This is fundamental because the assurance a diamantaire can give to their customers about the product they sell is only as robust as the testing equipment and processes used.

"We are satisfied that we have triggered synthetic manufacturers to investigate their own practices"

For the ASSURE program, we partnered with major industry experts from leading laboratories and contracted Underwriters Laboratory – a global certification company – to develop independent testing standards and protocols for assessing the functionality and performance of the diamond verification instruments available in the market.

To date, the program counts 16 ASSURE Partners and 23 instrument results are available in the ASSURE Directory, which can be found at diamondproducers.com/assure. Another 10 instruments are being tested for future publication.

The program is just six months old but it is a success, with over 10,000 trade visitors to the website to date and 1,300 unique trade visitors every month, demonstrating the jewellery industry’s appetite for high quality, independent information.

We are marking our samples to be able to provide verification instrument manufacturers with even more precise feedback about the performance of their equipment against different types of lab-grown diamonds.

This is a way to accelerate performance improvements.

Consumer confusion

Two key areas of consumer confusion remain, which also require higher levels of transparency, mostly in relation to the way lab-grown diamonds are marketed.

The first is terminology.

Following months of advising the US Federal Trade Commission (FTC) on the risks associated with the ambiguity of its guidelines and the change of diamond definition, the commission issued warning letters to eight synthetic diamond companies asking them to clarify their product disclosure.

At the same time, the FTC issued a very important clarification on its website about the need to place a qualifier immediately before the word ‘diamond’:

“The Jewelry Guides caution marketers not to use the name of any precious stone, including diamonds, to describe a simulated or laboratory-created stone, unless the name is immediately preceded by a clear disclosure of the nature of the product and that it’s not a mined stone.”

It is also noteworthy that the FTC Jewelry Guides continue to ban the use of the terms ‘real’ and ‘genuine’ to qualify laboratory-grown diamonds: “It is unfair or deceptive to use the word ‘real’, ’genuine’, ‘natural’, ‘precious’, ’semi-precious’ or similar terms to describe any industry product that is manufactured or produced artificially.”

Despite this, some lab-grown diamond brands continued to ignore these directions well into 2019; numerous organisations, including the Jewelers Vigilance Committee and the DPA, continue to bring this to the FTC’s attention.

The second area of consumer confusion is value.

Even though lab-grown diamond retail prices have fallen quite significantly and continue to do so, they remain very high when compared to their production cost; $US350 per carat for a 1-carat stone is the typical cost attributed to producing a synthetic diamond. That’s especially important when considering that they have no resale value.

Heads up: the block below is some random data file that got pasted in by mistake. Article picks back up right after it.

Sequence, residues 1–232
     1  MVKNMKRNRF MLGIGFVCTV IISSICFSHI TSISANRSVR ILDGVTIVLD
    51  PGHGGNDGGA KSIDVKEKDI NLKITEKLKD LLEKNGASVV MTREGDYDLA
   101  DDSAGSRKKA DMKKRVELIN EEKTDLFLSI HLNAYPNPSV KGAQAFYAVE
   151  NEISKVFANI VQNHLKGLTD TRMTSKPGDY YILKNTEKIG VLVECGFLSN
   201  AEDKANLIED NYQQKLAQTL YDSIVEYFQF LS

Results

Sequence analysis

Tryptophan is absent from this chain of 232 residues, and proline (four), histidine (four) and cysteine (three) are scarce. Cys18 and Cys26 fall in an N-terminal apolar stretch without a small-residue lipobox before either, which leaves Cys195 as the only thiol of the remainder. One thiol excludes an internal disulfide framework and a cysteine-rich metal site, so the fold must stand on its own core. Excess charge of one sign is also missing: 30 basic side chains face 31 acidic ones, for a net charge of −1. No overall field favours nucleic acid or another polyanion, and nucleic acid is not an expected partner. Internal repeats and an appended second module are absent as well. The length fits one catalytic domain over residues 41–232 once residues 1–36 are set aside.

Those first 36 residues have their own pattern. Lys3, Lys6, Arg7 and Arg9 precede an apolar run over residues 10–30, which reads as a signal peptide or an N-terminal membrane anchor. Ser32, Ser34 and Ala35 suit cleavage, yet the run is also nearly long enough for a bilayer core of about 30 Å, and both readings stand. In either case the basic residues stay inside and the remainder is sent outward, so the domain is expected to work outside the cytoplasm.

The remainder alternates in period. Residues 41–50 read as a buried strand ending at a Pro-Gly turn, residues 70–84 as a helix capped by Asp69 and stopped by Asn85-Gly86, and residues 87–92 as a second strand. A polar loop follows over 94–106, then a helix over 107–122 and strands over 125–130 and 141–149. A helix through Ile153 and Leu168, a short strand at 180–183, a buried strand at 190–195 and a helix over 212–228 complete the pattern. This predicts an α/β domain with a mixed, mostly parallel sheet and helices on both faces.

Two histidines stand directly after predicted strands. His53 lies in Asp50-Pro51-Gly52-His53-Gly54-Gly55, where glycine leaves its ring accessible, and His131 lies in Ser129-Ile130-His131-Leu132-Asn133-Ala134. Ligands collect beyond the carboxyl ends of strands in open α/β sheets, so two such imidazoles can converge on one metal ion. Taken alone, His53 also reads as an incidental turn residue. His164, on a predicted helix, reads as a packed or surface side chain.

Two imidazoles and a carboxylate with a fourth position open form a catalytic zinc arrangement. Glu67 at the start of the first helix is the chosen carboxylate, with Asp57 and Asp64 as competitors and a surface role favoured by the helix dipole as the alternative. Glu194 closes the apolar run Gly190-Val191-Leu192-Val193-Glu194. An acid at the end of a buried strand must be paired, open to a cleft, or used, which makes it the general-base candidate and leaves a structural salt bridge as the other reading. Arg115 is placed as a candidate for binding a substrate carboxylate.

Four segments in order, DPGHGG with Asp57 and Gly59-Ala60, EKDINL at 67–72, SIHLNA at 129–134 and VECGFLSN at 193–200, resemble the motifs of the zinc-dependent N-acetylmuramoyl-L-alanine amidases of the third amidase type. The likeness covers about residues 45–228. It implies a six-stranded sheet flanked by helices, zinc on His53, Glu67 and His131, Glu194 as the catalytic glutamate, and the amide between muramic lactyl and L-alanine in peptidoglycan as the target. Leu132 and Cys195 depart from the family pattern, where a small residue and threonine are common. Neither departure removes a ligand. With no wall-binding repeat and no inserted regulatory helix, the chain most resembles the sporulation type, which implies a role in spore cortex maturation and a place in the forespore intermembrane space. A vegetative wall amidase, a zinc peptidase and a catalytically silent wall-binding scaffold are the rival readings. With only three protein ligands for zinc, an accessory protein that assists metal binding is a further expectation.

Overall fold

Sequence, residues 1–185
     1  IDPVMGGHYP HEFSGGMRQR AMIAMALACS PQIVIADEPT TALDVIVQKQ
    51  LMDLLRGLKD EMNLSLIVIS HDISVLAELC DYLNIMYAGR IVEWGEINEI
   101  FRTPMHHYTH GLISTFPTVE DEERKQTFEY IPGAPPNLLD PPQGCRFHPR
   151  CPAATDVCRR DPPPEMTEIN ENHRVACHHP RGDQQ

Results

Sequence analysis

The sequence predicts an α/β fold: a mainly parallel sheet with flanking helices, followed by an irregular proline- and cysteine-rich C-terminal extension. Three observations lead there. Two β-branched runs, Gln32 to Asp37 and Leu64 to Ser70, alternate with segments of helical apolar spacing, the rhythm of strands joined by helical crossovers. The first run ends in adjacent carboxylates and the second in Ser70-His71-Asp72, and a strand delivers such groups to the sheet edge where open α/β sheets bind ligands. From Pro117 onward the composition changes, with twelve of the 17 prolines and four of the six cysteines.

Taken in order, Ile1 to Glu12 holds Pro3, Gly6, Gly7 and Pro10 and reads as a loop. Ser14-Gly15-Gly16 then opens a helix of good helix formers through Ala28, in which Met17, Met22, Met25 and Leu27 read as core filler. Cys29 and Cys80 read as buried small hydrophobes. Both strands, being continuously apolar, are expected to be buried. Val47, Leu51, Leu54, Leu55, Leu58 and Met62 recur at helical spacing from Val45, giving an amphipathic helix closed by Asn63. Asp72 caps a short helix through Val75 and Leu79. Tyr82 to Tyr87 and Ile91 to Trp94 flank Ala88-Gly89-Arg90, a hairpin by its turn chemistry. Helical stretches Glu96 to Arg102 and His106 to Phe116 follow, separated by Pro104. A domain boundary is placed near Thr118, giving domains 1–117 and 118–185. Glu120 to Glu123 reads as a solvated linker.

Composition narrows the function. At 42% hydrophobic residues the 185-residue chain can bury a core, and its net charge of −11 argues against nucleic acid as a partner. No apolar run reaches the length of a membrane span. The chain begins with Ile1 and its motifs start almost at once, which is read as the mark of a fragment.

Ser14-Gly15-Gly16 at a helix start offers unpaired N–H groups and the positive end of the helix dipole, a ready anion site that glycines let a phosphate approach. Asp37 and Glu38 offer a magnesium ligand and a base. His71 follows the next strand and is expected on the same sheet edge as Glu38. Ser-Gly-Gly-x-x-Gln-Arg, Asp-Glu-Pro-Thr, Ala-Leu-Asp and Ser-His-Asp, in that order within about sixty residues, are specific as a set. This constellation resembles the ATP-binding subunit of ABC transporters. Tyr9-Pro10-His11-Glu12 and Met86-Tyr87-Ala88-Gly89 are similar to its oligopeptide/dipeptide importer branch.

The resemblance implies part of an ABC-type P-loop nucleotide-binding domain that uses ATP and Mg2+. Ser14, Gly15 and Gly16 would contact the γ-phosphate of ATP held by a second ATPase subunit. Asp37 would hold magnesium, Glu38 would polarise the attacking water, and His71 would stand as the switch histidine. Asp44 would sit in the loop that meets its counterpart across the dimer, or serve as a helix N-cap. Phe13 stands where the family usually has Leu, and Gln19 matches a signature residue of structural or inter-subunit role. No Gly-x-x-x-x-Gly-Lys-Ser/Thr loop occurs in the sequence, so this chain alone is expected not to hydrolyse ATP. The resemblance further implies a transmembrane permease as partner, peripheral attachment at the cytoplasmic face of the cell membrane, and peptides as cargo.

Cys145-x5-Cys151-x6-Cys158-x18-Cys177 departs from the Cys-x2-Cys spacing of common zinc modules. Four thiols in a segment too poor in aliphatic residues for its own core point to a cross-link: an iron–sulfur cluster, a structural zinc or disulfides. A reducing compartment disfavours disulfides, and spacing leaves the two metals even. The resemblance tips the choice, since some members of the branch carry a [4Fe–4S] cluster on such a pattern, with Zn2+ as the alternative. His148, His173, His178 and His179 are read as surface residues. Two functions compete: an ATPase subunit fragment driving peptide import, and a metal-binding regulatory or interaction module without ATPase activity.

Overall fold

So, what does that have to do with transparency and trust? Our research shows that most consumers are still confused about lab-grown diamonds, what they are and how to value them. In this kind of situation, consumers typically hold onto price as a proxy for value.

But when cost and price are so disconnected – for no good reason other than temporary lack of supply of larger goods and lack of consumer information – you know that it will not last.

That will leave many early adopters/purchasers deceived and potentially disenchanted with the whole diamond category.

Products that are supported by a strong brand may fare better at retail level, but the premium will go to the brand owner, not to the manufacturer, as the product supplied will be increasingly standardised and commoditised.

It is not clear how long it will take for synthetic diamond prices to stabilise; however, just as sure as there is gravity, as supply increases, prices will converge towards the marginal cost of production – which keeps reducing.

In other words, there is a window of opportunity to earn margins, but it will be at the expense of the consumer.

And that is never a good thing, because consumers have a long memory.

 

'The Great Diamond Debate' Contents » 

The natural diamond industry is facing disruption in every aspect
Sergey Ivanov, CEO of Alrosa
Don’t blame synthetic diamonds for the natural industry’s woes
Garry Holloway, founder of Melbourne’s Holloway Diamonds
Both sides of the diamond debate should verify their claims
Danielle Max, editor in chief IDEX Online

 

 

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ABOUT THE AUTHOR
Jean-Marc Lieberherr

CEO • Diamond Producers Association


Jean-Marc Lieberherr is CEO Diamond Producers Association. He has held senior positions at Rio Tinto, LVMH and Unilever.

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Wednesday, 29 January, 2020 10:51am